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Ask HN: Unusual Recruiting Stories?
21 points by hoerzu 13 days ago | hide | past | favorite | 20 comments
My first big job i got through Twitter.

One job i got by coincide running into someone in a WeWork.

What are your most unusual ways you landed a job outside of indeed.com / LinkedIn jobs






In my first round of interviews at the end of college, one was with this consulting firm in Dallas. It was small, but successful. It felt like they respected their engineers, the office and everything was impressive, and by the end of the day I felt like they liked me and were going to give me an offer.

Only one problem: I didn’t want to live and work in Dallas. I wanted to be in Austin. That corporate sheen, so prevalent in the city’s culture, embodied by this shiny company, just wasn’t me. I’d been suppressing that thought all day because it seemed like such a good opportunity, but I knew deep down I wouldn’t be happy.

End of the day, final interview with the CEO, in his office. I took a deep breath and said, “I’m sorry, I don’t want to be in Dallas.”

He smiled, thanked me for being honest, and said “We have a sister-company upstairs. They have an Austin office. Want me to take you up there and introduce you?” That ended up being my first software job.


A race of quadricyle in my town (in Belgium) :)

I put up a team with friends to compete in that race and we were drinking special beers during the relays. The team next to us was cooking a barbecue and saw our beers: we traded sausages for beers... I was unemployed at the time, and through a happy discussion with that other team, I was offered a job by one of their member who had a computer shop and needed a technician.

best job interview ever !


I was studying hard at Uni. This meant my internship applications were poor and despite a few interviews, I never got one. Disappointed, I accepted this.

Then out of the blue I got an invite to an internship interview at a local very reputable firm, and ended up getting the job. I never applied for it. Eventually I asked how it happened. The guy running the department looked up (public) exam results and invited top X% in my STEM subject, me among them.

Was much better than what I’d get at a corporate graduate puppy mill.


A recruiter related this story once at a former employer. I have no idea if it's true, but it remains incredible to tell.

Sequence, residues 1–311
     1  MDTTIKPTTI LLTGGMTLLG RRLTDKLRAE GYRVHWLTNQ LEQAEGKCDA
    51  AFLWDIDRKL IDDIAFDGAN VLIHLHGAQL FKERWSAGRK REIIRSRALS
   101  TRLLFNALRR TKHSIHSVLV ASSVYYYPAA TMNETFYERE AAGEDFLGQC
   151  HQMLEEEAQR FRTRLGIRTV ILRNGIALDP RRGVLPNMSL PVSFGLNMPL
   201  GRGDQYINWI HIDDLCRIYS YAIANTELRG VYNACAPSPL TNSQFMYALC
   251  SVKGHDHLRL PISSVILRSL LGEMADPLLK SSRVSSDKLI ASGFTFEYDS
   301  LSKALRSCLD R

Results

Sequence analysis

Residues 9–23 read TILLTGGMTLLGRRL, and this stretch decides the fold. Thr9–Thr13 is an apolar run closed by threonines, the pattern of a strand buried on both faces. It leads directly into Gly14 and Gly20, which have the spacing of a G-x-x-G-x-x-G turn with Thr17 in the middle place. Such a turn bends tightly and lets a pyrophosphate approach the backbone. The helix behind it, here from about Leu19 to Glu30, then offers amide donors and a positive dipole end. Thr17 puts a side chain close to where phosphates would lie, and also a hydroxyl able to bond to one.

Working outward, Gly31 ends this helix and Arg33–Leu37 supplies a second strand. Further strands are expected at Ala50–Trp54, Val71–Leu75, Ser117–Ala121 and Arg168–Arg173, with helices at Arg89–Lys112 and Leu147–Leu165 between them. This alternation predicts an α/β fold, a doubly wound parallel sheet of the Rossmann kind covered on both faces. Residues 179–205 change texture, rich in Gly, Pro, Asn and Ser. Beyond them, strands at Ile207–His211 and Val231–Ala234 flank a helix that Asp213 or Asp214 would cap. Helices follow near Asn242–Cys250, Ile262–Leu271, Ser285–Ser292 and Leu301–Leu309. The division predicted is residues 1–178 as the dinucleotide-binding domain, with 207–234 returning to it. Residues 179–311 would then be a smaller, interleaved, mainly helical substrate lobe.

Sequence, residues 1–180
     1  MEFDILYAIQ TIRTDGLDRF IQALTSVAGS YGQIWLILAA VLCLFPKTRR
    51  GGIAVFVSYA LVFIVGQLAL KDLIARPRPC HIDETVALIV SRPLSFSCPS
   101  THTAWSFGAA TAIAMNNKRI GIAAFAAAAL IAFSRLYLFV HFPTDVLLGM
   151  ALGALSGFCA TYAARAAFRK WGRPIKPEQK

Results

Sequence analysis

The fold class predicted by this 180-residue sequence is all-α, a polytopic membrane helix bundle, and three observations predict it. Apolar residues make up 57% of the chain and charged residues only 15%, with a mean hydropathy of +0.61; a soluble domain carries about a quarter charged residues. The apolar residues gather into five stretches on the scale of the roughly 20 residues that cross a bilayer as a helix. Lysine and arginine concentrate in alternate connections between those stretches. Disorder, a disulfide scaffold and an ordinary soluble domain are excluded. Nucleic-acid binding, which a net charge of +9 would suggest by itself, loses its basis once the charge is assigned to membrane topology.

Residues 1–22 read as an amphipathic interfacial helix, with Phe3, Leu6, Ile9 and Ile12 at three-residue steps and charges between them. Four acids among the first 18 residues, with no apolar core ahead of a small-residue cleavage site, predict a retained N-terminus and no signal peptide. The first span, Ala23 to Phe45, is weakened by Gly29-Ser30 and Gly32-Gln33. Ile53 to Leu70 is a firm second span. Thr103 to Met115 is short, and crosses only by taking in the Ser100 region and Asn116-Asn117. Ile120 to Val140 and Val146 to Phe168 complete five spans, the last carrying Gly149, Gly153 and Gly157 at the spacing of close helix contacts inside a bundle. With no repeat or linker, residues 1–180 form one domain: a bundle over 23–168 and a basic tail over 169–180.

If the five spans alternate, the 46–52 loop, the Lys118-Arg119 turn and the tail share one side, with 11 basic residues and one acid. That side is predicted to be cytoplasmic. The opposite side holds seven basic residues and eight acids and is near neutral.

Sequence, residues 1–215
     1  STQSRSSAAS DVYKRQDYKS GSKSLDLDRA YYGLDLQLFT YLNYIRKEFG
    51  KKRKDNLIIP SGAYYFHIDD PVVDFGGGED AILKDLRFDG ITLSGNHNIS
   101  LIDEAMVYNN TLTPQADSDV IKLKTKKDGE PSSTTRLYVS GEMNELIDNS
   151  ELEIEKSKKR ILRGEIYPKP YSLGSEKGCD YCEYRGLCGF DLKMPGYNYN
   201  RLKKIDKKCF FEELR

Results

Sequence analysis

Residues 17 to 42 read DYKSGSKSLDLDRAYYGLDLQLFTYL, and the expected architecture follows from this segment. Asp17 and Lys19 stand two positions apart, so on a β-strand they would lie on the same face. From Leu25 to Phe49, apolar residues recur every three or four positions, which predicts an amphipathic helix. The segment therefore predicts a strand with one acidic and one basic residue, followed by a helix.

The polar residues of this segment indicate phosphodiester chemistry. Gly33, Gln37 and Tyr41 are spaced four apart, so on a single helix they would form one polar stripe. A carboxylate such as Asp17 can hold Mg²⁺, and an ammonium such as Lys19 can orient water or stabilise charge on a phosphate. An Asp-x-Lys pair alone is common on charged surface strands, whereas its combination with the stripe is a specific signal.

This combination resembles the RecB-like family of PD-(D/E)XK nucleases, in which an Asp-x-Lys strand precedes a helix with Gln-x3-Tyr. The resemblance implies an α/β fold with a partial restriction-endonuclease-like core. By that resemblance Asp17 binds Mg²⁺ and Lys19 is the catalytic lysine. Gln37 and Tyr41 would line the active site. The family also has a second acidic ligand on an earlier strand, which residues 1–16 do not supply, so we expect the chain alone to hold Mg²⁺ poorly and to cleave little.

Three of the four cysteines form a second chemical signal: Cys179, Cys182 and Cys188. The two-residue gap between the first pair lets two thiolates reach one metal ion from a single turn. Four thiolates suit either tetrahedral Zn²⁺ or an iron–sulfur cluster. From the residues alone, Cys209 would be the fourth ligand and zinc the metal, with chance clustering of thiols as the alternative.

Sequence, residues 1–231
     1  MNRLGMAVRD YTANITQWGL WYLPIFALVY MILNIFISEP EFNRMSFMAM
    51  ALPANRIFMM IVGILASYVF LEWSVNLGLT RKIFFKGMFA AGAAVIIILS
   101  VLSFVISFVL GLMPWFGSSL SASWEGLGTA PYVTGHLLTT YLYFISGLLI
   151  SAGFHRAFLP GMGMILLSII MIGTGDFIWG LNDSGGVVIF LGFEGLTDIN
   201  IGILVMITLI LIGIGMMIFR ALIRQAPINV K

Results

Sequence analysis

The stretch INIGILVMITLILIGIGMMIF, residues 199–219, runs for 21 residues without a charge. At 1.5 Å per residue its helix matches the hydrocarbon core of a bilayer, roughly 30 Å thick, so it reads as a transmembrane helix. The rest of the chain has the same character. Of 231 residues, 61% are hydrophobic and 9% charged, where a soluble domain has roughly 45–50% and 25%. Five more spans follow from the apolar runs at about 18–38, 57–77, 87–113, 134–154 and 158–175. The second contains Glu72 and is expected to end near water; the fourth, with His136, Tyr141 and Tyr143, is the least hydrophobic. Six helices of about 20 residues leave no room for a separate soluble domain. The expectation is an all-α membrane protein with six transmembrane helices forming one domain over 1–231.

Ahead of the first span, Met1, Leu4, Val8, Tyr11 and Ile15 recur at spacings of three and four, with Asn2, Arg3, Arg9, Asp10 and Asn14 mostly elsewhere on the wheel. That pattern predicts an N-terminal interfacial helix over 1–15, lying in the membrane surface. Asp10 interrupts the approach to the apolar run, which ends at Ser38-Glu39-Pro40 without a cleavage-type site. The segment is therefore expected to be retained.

In a past life, he'd been hired to find a cybersecurity expert in a very niche field, where there are really only a handful of people with the proven chops. Naturally, all of them are happily employed and unlikely to switch, so he decided to get clever.

He zeroed in on one target. First, he thought, let's find out contact information. A quick Google search turns up nothing (no email, no phone number, no social media handles), but a more advanced one with boolean filters brings up a link to a personal website that had long since been taken offline.

So my recruiter used the Wayback Machine to inspect the link, and finds, to his joy, it's been cached. In the About Me section, there's a small snippet about how he enjoyed playing chess and a social media handle.

Now the recruiter gets even craftier. He uses the Foursquare API to track his check-ins from the social media handle. Over the course of a few weeks, a pattern emerges - every Friday, maybe a Thursday, the expert would check in to a local bar. So this recruiter simply shows up at that bar on a Friday, and waits for the guy.

He lets him sit there for a bit, nursing his drink, and then sidles up to him and starts a conversation about chess. They bond over it. The guy invites the recruiter to his local chess club, who meet every Sunday. Over the next few days, the recruiter gains his trust, learns what this guy wants. Then finally he pitches the company he represents, addressing everything the guy had brought up to him in the conversation. He walks away that evening with a willing candidate who would go on to get hired.

I have no idea how true this story is. This recruiter was an unusual fellow, and he only stayed for a few months at my former employer.


I'm not sure if this story is a shining exemplar for how to do, or how not to do, recruiting. There's a lot of be admired and a lot of be admonished.

DBA friend asked for help with a critical performance problem, let me in the building as guest. I identified the (network) problem in minutes, his manager walked by and ask how the issue was going.

When my friend explained I spotted the solution in minutes, he offered me a job on the spot.

Applied for a job in another country. Was invited within days. I landed the job instantly since I helped a guy with a big zombie network problem years ago via a mailing list. He was now the hiring party and recognised me by my background.

Re-met a school buddy while bringing my kids to school, where he brought his. Needed help with a large, multiple year, consulting job. We rocked it.

Met some googlies at a conf I attended while on holidays. Had a couple of great conversations. Was "interviewed" on the spot and accepted the job offer 2 hours later. Wife not so happy since we had to move countries again :)

Coming to think of it, most of my jobs I landed "unusually" compared to how that process seems to go for many people.